Curriculum Adoption

Standard-aligned and modern curriculum materials are critical tools for classroom learning. In the hands of our master teachers, such materials move a student through mastery of fundamental concepts to application and deeper thinking.

General information

How does the adoption process work?

The process is defined by law, District Regulation 2020 - Curriculum Development and Adoption of Core Instructional Materials, and the Issaquah Education Association's contract. A professional adoption committee with content-area teachers is formed under a specific charter that includes the District's Mission and Ends for student learning. The adoption committee reviews state standards and best current research to develop a scope and sequence and common assessments. Prior to any material reviews, the District conducts an online survey to gather feedback about families' experience in the relevant content area and grade level. After the teachers on the committee review the parent-survey data to better understand the family perspective, they invite publishers to submit materials which they thoroughly analyze against their established criteria.

Materials undergo an intensive, evidence-based review process that usually includes student field testing, expert panels, and comparison of lessons and alignment across grade levels/courses. Once the selection is narrowed to two or three programs, Issaquah parents and community members are invited to preview the materials. Next, the committee selects its top choice and makes a recommendation to the Instructional Materials Committee (IMC). The IMC evaluates the recommended materials to ensure they comply with state law and district regulations (no bias or prejudice, for example), that the teacher committee followed its process, and that the content is appropriate for the students' age level. The IMC's review and decision kicks off a two-week public review of the materials with opportunity for comments. The IMC's recommendation and public comments then go to the Issaquah School Board, which has the option to approve the adoption. If not approved, the District retains the current curriculum until the adoption process can repeat itself.

What is the Instructional Materials Committee (IMC) and who is on it?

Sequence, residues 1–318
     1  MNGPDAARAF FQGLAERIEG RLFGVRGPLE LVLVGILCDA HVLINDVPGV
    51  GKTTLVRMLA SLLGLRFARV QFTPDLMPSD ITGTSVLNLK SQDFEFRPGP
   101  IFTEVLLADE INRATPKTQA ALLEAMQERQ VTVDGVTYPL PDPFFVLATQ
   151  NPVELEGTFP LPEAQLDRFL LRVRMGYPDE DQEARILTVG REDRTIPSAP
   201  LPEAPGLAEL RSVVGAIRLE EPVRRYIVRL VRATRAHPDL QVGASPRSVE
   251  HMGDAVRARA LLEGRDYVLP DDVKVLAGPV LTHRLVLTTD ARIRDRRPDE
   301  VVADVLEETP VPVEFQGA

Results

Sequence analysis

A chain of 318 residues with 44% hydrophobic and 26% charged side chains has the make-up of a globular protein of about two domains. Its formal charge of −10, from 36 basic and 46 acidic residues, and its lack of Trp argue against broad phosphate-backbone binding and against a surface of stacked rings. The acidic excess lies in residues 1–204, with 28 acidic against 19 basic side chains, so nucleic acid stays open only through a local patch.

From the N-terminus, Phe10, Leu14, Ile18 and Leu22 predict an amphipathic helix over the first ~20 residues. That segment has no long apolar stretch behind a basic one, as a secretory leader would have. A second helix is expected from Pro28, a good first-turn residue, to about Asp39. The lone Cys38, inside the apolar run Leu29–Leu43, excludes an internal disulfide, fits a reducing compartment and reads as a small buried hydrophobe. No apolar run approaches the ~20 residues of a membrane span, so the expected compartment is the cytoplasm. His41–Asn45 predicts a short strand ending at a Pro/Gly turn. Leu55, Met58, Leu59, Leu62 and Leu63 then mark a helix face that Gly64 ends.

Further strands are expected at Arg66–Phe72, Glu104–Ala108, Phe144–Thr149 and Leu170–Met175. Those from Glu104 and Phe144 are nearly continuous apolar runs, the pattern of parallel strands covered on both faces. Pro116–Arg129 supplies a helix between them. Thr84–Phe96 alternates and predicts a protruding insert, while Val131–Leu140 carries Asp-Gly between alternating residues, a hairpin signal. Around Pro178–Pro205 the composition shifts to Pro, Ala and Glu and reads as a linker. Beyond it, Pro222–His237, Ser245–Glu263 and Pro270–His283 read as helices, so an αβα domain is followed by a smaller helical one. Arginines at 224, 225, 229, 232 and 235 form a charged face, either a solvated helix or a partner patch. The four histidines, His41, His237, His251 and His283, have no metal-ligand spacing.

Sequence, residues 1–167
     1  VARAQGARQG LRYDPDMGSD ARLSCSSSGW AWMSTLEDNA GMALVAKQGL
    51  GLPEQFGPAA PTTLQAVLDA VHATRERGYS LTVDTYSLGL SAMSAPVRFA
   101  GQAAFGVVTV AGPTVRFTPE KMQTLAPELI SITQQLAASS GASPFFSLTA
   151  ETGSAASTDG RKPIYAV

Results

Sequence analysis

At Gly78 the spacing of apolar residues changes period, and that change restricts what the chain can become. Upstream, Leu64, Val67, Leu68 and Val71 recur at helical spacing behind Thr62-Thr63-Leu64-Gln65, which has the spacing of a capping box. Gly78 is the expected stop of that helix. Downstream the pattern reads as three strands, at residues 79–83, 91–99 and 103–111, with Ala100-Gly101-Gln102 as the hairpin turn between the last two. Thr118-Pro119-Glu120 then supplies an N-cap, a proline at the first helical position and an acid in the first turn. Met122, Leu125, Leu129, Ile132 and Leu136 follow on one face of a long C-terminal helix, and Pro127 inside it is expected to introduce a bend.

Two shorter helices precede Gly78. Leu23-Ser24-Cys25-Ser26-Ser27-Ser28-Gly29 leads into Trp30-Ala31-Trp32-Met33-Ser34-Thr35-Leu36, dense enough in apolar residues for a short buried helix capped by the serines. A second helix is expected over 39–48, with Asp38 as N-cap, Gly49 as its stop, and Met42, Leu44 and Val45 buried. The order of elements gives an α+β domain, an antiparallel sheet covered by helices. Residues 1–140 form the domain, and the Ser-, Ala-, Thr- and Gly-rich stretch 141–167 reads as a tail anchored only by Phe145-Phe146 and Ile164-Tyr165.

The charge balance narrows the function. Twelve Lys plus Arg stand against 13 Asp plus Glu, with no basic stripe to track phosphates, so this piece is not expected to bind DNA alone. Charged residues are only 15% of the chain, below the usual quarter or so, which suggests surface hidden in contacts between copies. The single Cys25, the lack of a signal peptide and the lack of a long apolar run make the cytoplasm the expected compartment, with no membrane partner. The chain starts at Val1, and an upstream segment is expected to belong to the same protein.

The IMC is legally required by the state and is the only body that can send a curriculum recommendation to the School Board. It reviews a teacher committee's material recommendation solely for compliance with state and federal laws, the goals and objectives of the District, and procedures established by the IMC. The IMC does not evaluate materials to determine the merits or comparison of their instructional content. It is comprised of 16 voting members and a non-voting chairperson. Up to five are community members from each Director District who are selected by the superintendent. The other members include librarians, special education teachers, and core content teachers. More information about the IMC and adoption policies and procedures is online. If you would like to volunteer for the IMC, contact Teaching and Learning Services, 425-837-7048.

How important is the "right" text book?

Curriculum materials are one important piece of student learning. The best materials align with state learning standards and support research-based, powerful instructional practices. With such effective tools, a master teacher—the most important educational factor in a child's learning—will be able to spend more time on delivery and differentiation than if s/he had to also create supplemental materials and lesson plans to fill the gaps in a sub-par curriculum. In the words of Randy Dorn, former State Superintendent of Public Instruction, "Successful [educational] programs may exist with virtually any … curricula. While instructional materials matter, other factors contribute to the success of students in Washington State learning ... Those factors include quality of instruction, parent involvement, available supports and myriad other aspects." Luckily, Issaquah is rich in all of these areas. Beyond the materials themselves, a curriculum adoption often contributes to student success because of collective teacher renewal, training, and commitment to best instructional practices.